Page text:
This weekend, I got the chance to spend time with someone I truly admire: my dad. Both of my parents have worked tirelessly to encourage, support, and teach me, and I credit them with helping me become the person I am today. I found it only fitting that I shared the story of one of my biggest role models with you today. Many call him Dr. Morelan, but I call him Papa!
My dad was born in Northfield, Minnesota and raised on our family farm with 5 sisters and 2 brothers. In high school, he was in marching band, choir, and also participated in FFA. His passion for Barbershop Quartet singing led him to be a part of the local barbershop chorus and several quartets. After graduating, Dr. Morelan attended college briefly, but left to join the U.S. Army where he served our country for 20 years. While in the Army, he completed his Bachelor of Science degree at Jacksonville State University. During his time in the military he was stationed overseas for 3 tours, and in the States was assigned to Fort Benning, Georgia, Fort McClellan, Alabama, Fort Jackson, South Carolina, and Fort Sheridan, Illinois.
After military service, Dr. Morelan taught JROTC for 5 years. During that time he became certified as a high school teacher, principal, director of instruction, director of student services, and as a superintendent. He later served as a principal and superintendent in 2 different school districts in Wisconsin, and one in Illinois. After a short 10 month “retirement” he went back to work for the Department of Veterans Affairs in Frederick, Maryland, working at the VA Acquisition Academy as a training specialist. He also volunteers his time as the Chief of Staff for the United States National Defense Corps, with the rank of Brigadier General. Out of all his accomplishments, being an amazing dad is the one I’m most grateful for!
Who is someone who’s made a difference in your life and how did they do so?
One person who greatly impacted my life was my dad. He worked very hard to support and provide for his family. His priorities in life were God, Family, and Country, and those priorities are the ones which I have tried to follow. My dad worked 2 jobs for most of his life knowing that he had responsibilities to make sure that his wife and children had a home, food, and were taken care of in every way. We did not see our dad a lot because he had to travel a lot when working on construction sites and had to drive a long distance to get to some jobs. When he came home we were always busy doing chores with farm animals to tend to, and crops that also had to be sown, and harvested. We were instilled with a very strong work ethic. I never heard my dad pray out loud, but I know that he loved the Lord and in his later years had time to study the Bible.
What’s a piece of advice that’s served you well during your life?
One piece of advice that stuck with me for the majority of my adult life was shared by Peter Lord, an evangelist from Titusville, Florida during a crusade at Edgewood Baptist Church in Columbus, Georgia and that was a Scripture reading from Hebrews 12:1-2 which tells us “Therefore, since we have so great a cloud of witnesses surrounding us, let us also lay aside every encumbrance and the sin whichso easily entangles us, let us run with endurance the race that is set before us; fixing our eyes on Jesus, the author and perfecter of faith, who for the joy set before Him, endured the cross, despising the shame, and has sat down at the right hand of the throne of God.”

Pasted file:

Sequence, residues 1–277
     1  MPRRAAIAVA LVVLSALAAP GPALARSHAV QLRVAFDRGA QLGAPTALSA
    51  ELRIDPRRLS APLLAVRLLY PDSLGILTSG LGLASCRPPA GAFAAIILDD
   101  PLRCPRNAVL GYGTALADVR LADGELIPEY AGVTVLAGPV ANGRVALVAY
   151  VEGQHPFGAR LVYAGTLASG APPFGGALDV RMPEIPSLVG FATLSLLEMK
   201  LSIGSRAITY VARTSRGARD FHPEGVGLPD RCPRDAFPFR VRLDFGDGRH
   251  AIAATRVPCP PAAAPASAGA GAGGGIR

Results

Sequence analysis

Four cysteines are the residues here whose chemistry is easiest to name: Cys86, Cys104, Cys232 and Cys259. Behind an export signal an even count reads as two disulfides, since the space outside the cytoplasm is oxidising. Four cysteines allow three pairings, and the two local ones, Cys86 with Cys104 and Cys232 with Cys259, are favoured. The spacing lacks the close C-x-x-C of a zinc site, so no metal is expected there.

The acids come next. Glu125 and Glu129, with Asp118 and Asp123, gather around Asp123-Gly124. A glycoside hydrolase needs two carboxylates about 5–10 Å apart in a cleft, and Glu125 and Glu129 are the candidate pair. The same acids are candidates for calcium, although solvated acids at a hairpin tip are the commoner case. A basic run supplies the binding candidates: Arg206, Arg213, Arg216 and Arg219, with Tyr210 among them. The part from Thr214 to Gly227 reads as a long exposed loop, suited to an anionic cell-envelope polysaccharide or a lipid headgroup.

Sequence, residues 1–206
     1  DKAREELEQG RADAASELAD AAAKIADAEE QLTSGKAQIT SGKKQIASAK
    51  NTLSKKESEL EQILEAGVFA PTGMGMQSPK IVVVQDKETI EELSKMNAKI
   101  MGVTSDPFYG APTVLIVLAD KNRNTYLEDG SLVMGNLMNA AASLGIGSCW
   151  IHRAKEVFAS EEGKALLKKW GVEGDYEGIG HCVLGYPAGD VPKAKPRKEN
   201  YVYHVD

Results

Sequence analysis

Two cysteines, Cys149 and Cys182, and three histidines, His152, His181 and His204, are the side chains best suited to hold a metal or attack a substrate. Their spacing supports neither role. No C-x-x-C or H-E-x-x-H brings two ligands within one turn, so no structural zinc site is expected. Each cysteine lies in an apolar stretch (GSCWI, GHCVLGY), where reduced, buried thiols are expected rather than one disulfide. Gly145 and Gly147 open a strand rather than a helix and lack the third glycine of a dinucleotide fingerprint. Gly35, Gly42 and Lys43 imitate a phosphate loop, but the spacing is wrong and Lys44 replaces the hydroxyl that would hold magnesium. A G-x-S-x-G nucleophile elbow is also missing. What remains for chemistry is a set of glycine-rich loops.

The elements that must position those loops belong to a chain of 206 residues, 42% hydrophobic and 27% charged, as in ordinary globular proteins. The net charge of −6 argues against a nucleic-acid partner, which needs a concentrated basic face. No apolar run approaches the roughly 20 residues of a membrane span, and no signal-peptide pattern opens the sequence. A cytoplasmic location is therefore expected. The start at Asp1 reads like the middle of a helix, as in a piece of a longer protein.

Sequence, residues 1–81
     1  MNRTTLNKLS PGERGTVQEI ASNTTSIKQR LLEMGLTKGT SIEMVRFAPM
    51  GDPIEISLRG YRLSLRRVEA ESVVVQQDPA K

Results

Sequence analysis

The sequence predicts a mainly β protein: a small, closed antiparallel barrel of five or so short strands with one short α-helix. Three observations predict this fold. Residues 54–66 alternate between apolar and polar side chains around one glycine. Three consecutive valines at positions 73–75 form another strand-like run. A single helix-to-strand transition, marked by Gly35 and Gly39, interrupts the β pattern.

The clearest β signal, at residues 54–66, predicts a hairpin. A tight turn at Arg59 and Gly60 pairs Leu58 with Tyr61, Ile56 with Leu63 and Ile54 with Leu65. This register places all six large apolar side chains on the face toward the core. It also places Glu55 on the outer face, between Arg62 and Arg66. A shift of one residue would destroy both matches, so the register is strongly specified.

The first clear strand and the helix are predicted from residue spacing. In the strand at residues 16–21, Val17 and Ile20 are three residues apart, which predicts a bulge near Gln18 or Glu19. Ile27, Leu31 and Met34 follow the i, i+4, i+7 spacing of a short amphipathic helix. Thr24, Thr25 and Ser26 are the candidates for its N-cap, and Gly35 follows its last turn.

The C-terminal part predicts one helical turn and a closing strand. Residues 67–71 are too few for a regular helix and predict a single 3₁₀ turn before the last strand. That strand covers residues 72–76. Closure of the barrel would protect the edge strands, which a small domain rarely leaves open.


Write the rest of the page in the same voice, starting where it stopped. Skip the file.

Just after attending that crusade I attended the Officer Candidate School at the 50th Company (OCS) at Fort Benning, and those 2 verses were the ones that kept me going and finishing that very challenging military school. I was also able to share that verse many times during OCS giving encouragement to my fellow cadets to run the race with endurance (or patience)—focusing on Jesus Christ to help us “run that race” to graduate as officers.
What’s one thing you think people can do to make a difference in this world?
If there was one thing that I could do to change the world it would be that people of all nations would turn to Christ and embrace the love of Christ that he has for each one of us. It is a daily struggle to just have a place to sleep and food to eat for many people in the world, but if we could really understand, deeply, the struggles of others and spend time to raise each other up to a better level, we would have a much more loving and caring world.
Tell me about a moment where you knew that what you were doing was making a difference.
First of all, seeing my children accept Christ and maturing into such beautiful, kind young men and women who love the Lord brings great joy to my heart!!! God made that happen by putting people in their lives who led them to the Lord during Awana training. That has been a blessing on my family.
One small impact where I have made a difference was in Basic Training at Fort Jackson, South Carolina, where I led a soldier to Christ using the pamphlet, “The Four Spiritual Laws”. This young man did not own a Bible, to I gave him the Bible that I brought with me to basic training – the Bible that had been given to me when I had completed confirmation in my local church. Although that Bible had a special meaning to me, the Lord told me that it was more important to give it to this new Christian so that he could read it, study the Word, and grow in his daily walk with the Lord.
I would not be who I am today without both of my parents, and I’m so happy that I got to share my dad’s story with you today! He is such a wonderful example of sacrifice, both for our country and my family, and I hope to be half as hard-working when I grow up. Thanks for joining me this week—go out and make a difference in someone’s life today!